Seven at One Stroke wrote:Hmm...I'm not sure if my answer is correct so check with the answer book (haven't done math in a long time).

To have a point discontinuity, then the limit of the function approaching the discontinuity needs to be the same, i.e. it cannot be asymptotic (I had to look this up on the web, sad). Since the denominator is x-a, then towards the discontinuity, there's going to be a sign shift of the value of the function as x->a. So we have to make sure that the discontinuity the function approaches to from the left and the right is a point even though the two values next to the discontinuity has opposite signs, then it makes sense that the discontinuity should be at lim(a->0)=0, which is at the x-intercepts. Then you have that at a=1,2 or 3, the funciton has a point discontinuity. (Honestly, I got the graph of the function first, and formulated my reasoning second, so there's a huge chance that this is wrong, so do think it through yourself).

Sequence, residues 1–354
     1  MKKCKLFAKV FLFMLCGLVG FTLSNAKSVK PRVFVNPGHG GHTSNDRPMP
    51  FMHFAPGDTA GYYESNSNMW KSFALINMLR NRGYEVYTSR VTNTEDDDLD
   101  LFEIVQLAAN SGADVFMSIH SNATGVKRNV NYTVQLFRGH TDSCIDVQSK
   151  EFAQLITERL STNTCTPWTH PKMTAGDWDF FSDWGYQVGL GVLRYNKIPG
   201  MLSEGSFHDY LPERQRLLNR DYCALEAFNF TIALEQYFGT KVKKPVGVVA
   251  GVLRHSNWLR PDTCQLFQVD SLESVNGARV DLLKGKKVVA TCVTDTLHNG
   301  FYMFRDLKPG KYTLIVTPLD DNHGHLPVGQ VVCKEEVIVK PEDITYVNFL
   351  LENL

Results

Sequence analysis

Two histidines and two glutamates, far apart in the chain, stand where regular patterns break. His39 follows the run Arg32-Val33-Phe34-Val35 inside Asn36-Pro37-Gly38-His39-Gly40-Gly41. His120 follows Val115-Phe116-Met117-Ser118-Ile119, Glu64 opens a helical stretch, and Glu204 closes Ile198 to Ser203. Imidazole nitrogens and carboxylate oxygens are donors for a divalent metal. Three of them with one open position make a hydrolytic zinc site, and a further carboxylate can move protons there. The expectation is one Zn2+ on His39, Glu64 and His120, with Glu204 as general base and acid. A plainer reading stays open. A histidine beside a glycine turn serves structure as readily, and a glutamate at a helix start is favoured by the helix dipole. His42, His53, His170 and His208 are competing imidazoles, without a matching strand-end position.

I had come to the same conclusion myself, but then i actually got stuck actually determining the values of a. How did you get that?

Ranbir wrote:Yay, maths. You're using unfamiliar language to me, but no matter, america in winning in the math language department, so I guess I should get to know it. We've already accepted the american billion as being 'the billion'

I agree with Seven.

I also plotted the graph, and set a=x. It automatically set it as 0. Therefore a must be equal or greater than 1.

God I hope thats right...my credibility as a mathematician is on the line...

If x=a, wouldn't the function be undefined?